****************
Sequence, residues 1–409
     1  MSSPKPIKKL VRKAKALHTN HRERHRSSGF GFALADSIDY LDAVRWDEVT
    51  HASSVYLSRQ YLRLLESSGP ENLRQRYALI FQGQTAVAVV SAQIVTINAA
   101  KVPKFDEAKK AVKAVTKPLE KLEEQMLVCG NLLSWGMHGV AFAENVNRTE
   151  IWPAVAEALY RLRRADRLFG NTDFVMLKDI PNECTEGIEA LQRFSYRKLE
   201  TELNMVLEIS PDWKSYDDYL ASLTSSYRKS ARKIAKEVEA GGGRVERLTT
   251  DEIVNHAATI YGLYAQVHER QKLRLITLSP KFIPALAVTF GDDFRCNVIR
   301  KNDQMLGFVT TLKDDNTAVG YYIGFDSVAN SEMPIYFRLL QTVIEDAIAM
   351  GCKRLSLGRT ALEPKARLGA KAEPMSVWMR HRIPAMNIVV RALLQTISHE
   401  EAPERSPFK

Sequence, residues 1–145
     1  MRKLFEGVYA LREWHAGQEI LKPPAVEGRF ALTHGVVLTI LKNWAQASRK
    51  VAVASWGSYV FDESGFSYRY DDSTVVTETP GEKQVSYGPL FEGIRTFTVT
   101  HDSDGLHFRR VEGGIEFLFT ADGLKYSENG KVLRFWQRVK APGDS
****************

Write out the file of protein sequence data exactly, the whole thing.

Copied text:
Sequence, residues 1–409
     1  MSSPKPIKKL VRKAKALHTN HRERHRSSGF GFALADSIDY LDAVRWDEVT
    51  HASSVYLSRQ YLRLLESSGP ENLRQRYALI FQGQTAVAVV SAQIVTINAA
   101  KVPKFDEAKK AVKAVTKPLE KLEEQMLVCG NLLSWGMHGV AFAENVNRTE
   151  IWPAVAEALY RLRRADRLFG NTDFVMLKDI PNECTEGIEA LQRFSYRKLE
   201  TELNMVLEIS PDWKSYDDYL ASLTSSYRKS ARKIAKEVEA GGGRVERLTT
   251  DEIVNHAATI YGLYAQVHER QKLRLITLSP KFIPALAVTF GDDFRCNVIR
   301  KNDQMLGFVT TLKDDNTAVG YYIGFDSVAN SEMPIYFRLL QTVIEDAIAM
   351  GCKRLSLGRT ALEPKARLGA KAEPMSVWMR HRIPAMNIVV RALLQTISHE
   401  EAPERSPFK

Sequence, residues 1–145
     1  MRKLFEGVYA LREWHAGQEI LKPPAVEGRF ALTHGVVLTI LKNWAQASRK
    51  VAVASWGSYV FDESGFSYRY DDSTVVTETP GEKQVSYGPL FEGIRTFTVT
   101  HDSDGLHFRR VEGGIEFLFT ADGLKYSENG KVLRFWQRVK APGDS